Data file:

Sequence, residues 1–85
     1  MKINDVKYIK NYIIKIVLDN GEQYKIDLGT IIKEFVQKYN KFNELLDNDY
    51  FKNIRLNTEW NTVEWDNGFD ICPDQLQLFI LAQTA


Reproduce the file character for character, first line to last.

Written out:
Sequence, residues 1–85
     1  MKINDVKYIK NYIIKIVLDN GEQYKIDLGT IIKEFVQKYN KFNELLDNDY
    51  FKNIRLNTEW NTVEWDNGFD ICPDQLQLFI LAQTA